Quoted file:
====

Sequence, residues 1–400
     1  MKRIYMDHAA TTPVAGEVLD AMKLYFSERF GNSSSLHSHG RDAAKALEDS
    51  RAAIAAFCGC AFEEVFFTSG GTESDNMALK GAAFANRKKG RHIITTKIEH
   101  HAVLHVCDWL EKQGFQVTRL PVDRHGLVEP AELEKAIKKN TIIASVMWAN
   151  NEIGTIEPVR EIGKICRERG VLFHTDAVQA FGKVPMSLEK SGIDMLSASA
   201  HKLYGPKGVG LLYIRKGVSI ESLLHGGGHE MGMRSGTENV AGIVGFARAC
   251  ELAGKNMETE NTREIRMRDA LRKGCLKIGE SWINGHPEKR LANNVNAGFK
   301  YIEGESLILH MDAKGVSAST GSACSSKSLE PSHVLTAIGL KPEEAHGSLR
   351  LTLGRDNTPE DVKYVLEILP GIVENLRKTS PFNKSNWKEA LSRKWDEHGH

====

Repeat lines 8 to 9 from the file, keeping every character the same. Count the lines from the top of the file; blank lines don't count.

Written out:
   301  YIEGESLILH MDAKGVSAST GSACSSKSLE PSHVLTAIGL KPEEAHGSLR
   351  LTLGRDNTPE DVKYVLEILP GIVENLRKTS PFNKSNWKEA LSRKWDEHGH